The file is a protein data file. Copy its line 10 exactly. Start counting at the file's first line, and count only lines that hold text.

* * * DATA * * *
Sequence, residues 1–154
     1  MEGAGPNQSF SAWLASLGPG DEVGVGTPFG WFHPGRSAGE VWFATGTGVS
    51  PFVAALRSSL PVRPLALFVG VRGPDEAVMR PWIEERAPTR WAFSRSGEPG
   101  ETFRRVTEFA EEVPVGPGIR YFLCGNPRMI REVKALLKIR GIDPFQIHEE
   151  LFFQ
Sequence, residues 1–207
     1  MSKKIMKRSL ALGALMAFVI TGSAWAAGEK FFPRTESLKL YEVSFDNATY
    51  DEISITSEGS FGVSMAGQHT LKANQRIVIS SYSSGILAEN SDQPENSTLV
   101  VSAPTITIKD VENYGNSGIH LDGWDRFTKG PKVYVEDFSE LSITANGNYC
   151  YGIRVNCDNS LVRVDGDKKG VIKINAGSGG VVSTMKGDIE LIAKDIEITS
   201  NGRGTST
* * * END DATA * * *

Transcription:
   151  YGIRVNCDNS LVRVDGDKKG VIKINAGSGG VVSTMKGDIE LIAKDIEITS